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The importance of D-Dimer as a marker for Cardiovascular health

D-Dimer has been put on the map in the last year for its sensitivity in indicating microscopic blood clotting - seen in both COVID-19 and the COVID-19 vaccine. Find out more about this effective marker and why it is essential to check this as part of your blood panel screening if you do suspect cardiovascular impairment.

What is D-Dimer?

D-Dimer is a product of fibrin blood clot degradation called fibrinolysis. It is present in minimal amounts in healthy human plasma (100-200 ng/mL). Once the coagulation cascade has been activated D-Dimer raises.


D-Dimer is reliably used to detect clotting, typically in deep vein thrombosis (DVT) and Pulmonary Embolism (PE), where a clot travels to the lungs. A clot dislodging from a vein and traveling to an artery causes venous thromboembolism (VTE). A clot traveling to the heart can cause arterial fibrillation and one embolising in the brain will initiate a stroke. If a blood clot blocks blood flow to an organ, such as the kidney, heart or brain, it may cause irreversible damage (infarction) leading to organ failure.  


Within allopathic medicine D-Dimer testing is combined with other laboratory testing and scans to identify correct disease diagnosis and monitor progression, typically used to help exclude DVT and PE.

Where might I see raised levels of D-Dimer?

What do I need to know about testing and D-Dimer levels?

  • D-Dimer levels tend to increase with age.
  • Levels may also be progressively increased during pregnancy and so use of D-Dimer is not recommended as a marker during pregnancy.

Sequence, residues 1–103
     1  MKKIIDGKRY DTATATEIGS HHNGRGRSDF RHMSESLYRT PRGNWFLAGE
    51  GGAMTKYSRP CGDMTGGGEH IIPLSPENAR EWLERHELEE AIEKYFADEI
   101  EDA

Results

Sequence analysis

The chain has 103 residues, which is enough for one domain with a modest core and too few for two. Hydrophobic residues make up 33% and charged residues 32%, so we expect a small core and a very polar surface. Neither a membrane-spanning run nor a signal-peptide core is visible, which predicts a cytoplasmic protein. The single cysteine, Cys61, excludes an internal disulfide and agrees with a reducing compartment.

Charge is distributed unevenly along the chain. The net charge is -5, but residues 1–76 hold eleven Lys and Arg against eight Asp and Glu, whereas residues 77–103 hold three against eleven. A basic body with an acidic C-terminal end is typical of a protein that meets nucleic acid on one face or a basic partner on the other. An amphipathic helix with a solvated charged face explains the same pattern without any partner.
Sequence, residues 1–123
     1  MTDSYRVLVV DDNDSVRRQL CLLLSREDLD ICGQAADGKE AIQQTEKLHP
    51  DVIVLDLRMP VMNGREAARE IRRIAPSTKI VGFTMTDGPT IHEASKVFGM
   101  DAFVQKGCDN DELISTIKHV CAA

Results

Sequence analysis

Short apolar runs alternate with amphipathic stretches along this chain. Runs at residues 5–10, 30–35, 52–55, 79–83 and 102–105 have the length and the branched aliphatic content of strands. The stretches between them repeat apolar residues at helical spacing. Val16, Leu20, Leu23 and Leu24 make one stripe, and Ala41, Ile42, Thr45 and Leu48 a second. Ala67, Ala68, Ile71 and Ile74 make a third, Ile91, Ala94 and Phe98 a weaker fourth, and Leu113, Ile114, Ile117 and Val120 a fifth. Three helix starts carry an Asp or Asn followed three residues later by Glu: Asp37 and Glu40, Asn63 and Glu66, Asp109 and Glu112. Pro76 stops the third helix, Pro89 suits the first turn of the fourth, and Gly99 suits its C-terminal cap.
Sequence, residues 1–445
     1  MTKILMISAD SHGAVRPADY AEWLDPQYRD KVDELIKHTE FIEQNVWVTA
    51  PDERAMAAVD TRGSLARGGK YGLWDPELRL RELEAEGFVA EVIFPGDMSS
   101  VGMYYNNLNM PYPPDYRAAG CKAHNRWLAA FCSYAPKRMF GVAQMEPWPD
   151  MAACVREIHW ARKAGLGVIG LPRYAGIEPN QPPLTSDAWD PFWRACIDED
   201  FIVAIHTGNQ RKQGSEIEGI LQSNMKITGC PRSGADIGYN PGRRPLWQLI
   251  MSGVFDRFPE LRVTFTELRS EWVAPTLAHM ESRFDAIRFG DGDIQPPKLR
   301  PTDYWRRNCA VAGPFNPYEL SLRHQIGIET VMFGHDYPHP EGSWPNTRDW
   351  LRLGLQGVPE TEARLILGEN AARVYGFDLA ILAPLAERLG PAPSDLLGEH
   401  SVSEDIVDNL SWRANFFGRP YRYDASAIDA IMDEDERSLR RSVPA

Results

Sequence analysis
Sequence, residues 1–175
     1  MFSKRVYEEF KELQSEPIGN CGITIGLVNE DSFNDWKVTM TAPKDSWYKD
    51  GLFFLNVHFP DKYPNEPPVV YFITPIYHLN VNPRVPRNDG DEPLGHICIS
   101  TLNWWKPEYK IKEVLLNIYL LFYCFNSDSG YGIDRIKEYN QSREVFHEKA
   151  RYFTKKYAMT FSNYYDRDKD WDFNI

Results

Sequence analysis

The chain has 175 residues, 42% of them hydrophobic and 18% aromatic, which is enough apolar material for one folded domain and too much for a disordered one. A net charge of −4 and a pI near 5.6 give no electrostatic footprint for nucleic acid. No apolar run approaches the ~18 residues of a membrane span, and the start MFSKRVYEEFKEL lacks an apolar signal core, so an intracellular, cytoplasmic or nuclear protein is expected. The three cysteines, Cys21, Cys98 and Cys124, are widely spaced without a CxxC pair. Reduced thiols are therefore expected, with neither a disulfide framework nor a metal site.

• Levels are higher in women vs men and black populations vs Caucasians. It is lowest in Asian populations (Zakai N A et al. 2017)

The effect of pregnancy on levels of D-Dimer


The NHS uses cut-off reference ranges according to age:

Age (Years)     D-dimer (ng/ml) 
   <60                    <500 
   61-70                 <600 
   71-80                 <700 
   81-90                 <800 
   >90                    <900

Are false results a possibility with D-Dimer?

  • Anti-coagulant therapy can cause false negative D-Dimer.
  • False negative or falsely low results can occur with hyper lipaemia.
  • Rheumatoid factor seen in those with Rheumatoid Arthritis may cause high levels (Kyung Soon Song et al. 1999). (although evidence is conflicting)
  • Raised Bilirubin can cause false positives.
  • Haemolysis (rupturing of red blood cells) caused by improper collection and handling.

What other markers do I need to consider in relation to D-Dimer?

  • D-Dimer and CRP are both independent but additive risk markers for ischaemic heart disease (Lowe G D O et al. 2014).
  • D-Dimer has been shown to increase the release of inflammatory cytokines IL-6 and IL-1ß from in vitro monocytes. Plasminogen activator inhibitor bioactivity and Plasminogen activator inhibitor Antigen type 2 levels were also increased. (Robson S C et al. 1994).
  • In severely ill hospital patients, there is a link between increased inflammatory cytokines and increased D-Dimer levels. These are positively correlated with the severity of illness (Shorr et al. 2002).
  • Patients who are hospitalised with COVID and have raised inflammatory cytokines appear to be at increased risk of going on to develop raised D-Dimer and coagulopathy related to increased mortality (Poudel et al. 2021).

D-Dimer is available as an add on biomarker to any FDX panel.

Looking to understand the full picture of your clients health especially the risk of Cardiovascular issues? Discover FDX Cardio Check today